Rosberg sensationally announced on Friday that he would be retiring from F1 with immediate effect, just five days after winning his maiden World Championship.

Rosberg’s move has sent the driver market into a late flux, with Mercedes’ Niki Lauda claiming that half of the F1 grid has been in touch regarding the seat despite many of them having contracts.

Vettel has been named as a possible candidate for Rosberg’s seat despite having one year remaining on his Ferrari deal, but when speaking at the Finali Mondiali at Daytona International Speedway, the German stressed he is focused on his current commitments at Maranello.

“I think it’s no secret the fact that me and Kimi Raikkonen have a contract for next season,” Vettel is quoted as saying by La Gazzetta dello Sport.

“Kimi and I are already committed. In 2017 we will be competitive.

“We have not reached the goal this year, but now it will be important to do the job at the factory in the next two months.

“I am confident that we will definitely present an improved package.”

Vettel signed off with a message to Rosberg, wishing the retiring champion “happy holidays!”

Vettel finished 2016 fourth in the drivers’ championship without a win to his name as Ferrari struggled to keep up with Mercedes and Red Bull in the pecking order.

Mercedes is set to begin its search for a replacement on Monday, with the other big-name driver besides Vettel linked to the seat being McLaren’s Fernando Alonso.

Should Mercedes want to promote one of its junior drivers, Pascal Wehrlein and Esteban Ocon are both also available, although neither has more than a season of F1 experience.

Hamilton not chasing number one status at Mercedes after Rosberg exit

ABU DHABI, UNITED ARAB EMIRATES - NOVEMBER 25: Lewis Hamilton of Great Britain and Mercedes GP walks in the Paddock during practice for the Abu Dhabi Formula One Grand Prix at Yas Marina Circuit on November 25, 2016 in Abu Dhabi, United Arab Emirates.  (Photo by Clive Mason/Getty Images)
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Lewis Hamilton says he is not chasing number one driver status at Mercedes as the team begins its search for a replacement for Formula 1 World Champion Nico Rosberg.

Rosberg edged out Hamilton for the F1 drivers’ championship in Abu Dhabi last Sunday before sensationally announcing his immediate retirement from the sport five days later.

Mercedes has said it will take its time when looking for a replacement for Rosberg, with the majority of the F1 grid tied up contractually for 2017.

Fernando Alonso and Sebastian Vettel have both been linked with the Mercedes drive in the wake of Rosberg’s departure, leading to questions about whether Hamilton would want another big-name star alongside him.

Mercedes has always stressed that it does not have a number one driver, and Hamilton said that he would not insist on that changing when his new teammate arrives.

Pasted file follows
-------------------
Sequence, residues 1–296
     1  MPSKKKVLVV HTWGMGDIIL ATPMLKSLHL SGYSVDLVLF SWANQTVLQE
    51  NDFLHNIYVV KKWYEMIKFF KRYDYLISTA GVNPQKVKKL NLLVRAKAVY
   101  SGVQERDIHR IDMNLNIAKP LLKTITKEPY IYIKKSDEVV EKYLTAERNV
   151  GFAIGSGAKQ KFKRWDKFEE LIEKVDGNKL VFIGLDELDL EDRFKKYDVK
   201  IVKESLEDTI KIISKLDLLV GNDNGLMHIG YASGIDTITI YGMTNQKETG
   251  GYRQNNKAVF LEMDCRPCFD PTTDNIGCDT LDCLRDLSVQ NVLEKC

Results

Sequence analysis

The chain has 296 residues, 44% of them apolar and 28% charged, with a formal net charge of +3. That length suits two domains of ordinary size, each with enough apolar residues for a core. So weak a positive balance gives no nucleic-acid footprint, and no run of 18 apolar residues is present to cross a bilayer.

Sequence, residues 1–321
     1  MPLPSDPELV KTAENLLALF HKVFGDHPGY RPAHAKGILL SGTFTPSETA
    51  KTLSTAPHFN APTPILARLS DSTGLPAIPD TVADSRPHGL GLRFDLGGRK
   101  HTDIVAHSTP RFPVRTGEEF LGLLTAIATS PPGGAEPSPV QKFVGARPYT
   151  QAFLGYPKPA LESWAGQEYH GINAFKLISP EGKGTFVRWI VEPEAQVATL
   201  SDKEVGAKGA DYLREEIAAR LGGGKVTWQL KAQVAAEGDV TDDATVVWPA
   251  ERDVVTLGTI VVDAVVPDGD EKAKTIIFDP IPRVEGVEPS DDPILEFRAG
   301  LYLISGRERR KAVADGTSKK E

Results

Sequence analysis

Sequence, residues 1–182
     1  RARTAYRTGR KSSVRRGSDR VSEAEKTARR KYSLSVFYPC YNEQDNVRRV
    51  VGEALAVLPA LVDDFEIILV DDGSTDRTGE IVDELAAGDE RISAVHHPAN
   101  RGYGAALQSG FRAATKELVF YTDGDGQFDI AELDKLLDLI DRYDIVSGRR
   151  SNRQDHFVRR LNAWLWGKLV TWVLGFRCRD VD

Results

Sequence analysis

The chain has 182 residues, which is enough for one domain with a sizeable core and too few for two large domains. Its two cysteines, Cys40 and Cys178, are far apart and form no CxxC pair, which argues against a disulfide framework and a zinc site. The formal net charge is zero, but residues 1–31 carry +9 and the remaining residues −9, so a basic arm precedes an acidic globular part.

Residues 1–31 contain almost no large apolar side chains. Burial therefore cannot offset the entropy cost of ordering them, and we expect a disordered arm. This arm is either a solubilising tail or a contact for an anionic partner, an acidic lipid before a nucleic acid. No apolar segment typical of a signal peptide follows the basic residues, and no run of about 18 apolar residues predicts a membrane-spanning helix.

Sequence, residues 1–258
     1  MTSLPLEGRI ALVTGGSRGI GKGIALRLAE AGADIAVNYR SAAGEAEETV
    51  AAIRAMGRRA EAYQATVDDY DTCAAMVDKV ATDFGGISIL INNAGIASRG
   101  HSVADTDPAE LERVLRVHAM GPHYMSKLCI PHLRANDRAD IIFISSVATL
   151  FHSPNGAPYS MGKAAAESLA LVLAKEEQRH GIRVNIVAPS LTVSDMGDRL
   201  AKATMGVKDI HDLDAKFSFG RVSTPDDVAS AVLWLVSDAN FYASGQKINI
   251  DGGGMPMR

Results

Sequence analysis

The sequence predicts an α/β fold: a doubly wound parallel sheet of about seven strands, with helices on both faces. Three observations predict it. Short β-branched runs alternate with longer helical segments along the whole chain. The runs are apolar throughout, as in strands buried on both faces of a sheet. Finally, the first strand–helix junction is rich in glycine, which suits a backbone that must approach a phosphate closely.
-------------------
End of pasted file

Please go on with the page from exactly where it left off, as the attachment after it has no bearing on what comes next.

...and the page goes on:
“I’ve never been a driver to ever request that,” Hamilton said when asked about number one status.

“I know a lot of the other drivers Sebastian, Fernando make sure that’s in their contract.

“I’ve just always asked to have equal rights. As long as we’re treated fairly, it doesn’t really matter who’s alongside you.

“But of course, we’ve got great team bosses, who I’m sure will choose the right people to be representing the brand.”

Whoever replaces Rosberg will become Hamilton’s fifth teammate in F1, the Briton having previously worked with Alonso, Heikki Kovalainen and Jenson Button during his time at McLaren before joining Mercedes in 2013.

Rosberg: Hamilton’s late-season form ‘the best Lewis I’ve ever seen’

ABU DHABI, UNITED ARAB EMIRATES - NOVEMBER 27: Lewis Hamilton of Great Britain driving the (44) Mercedes AMG Petronas F1 Team Mercedes F1 WO7 Mercedes PU106C Hybrid turbo neads Nico Rosberg of Germany driving the (6) Mercedes AMG Petronas F1 Team Mercedes F1 WO7 Mercedes PU106C Hybrid turbo on track  during the Abu Dhabi Formula One Grand Prix at Yas Marina Circuit on November 27, 2016 in Abu Dhabi, United Arab Emirates.  (Photo by Mark Thompson/Getty Images)
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Nico Rosberg believes that Lewis Hamilton produced some of the best performances of his career towards the end of the 2016 Formula 1 season when the Briton had nothing to lose in the championship fight.

Rosberg clinched his maiden F1 drivers’ championship by five points in Abu Dhabi last Sunday, defeating Hamilton for the first time during their time as teammates.

Rosberg closed out the season with four straight second place finishes, with Hamilton’s run of victories in the same period not being enough to catch up in the standings.

Speaking in a video produced by Mercedes after his championship win, Rosberg said that he felt the most pressure after his final win of the season in Japan, the result that meant he could wrap up the title without taking another victory.

“The changing moment was Suzuka for me, when all of a sudden I had the 33-point lead and that meant it was in my hands, and it’s mine to lose, because it was enough to do second-second-second and third,” Rosberg said.

“That’s when really the pressure started for me because it became real, the chance to win the championship and to beat Lewis. It was real.”

Rosberg was only assured of the title when he crossed the finish line in Abu Dhabi, with Hamilton going deliberately slow in a bid to back the German into the chasing pack.

“Abu Dhabi was intense. It was the most intense experience I’ve ever had in a race car,” Rosberg said.

“Even qualifying, the laps in qualifying, not easy really. And for sure it has an impact on your performance. It’s not possible that you do the same performance as if you’re in Lewis’ position where he has nothing to lose.”

Rosberg believes that the lack of pressure brought the very best out of Hamilton, as he closed out the campaign with four consecutive victories from pole position.

“That’s why he got the pole positions and why I was second in the last couple of races because he’s free, has no weight and nothing to lose,” Rosberg said.

“It was the best Lewis I’ve ever seen, the last few races, because not only was he completely free, but also the most determined and motivated ever, working as hard as ever.

“[It was] massively difficult to beat him in those circumstances.”

Rosberg announced on Friday that he would be retiring from racing with immediate effect, meaning we have likely seen the last of his rivalry with Hamilton in F1.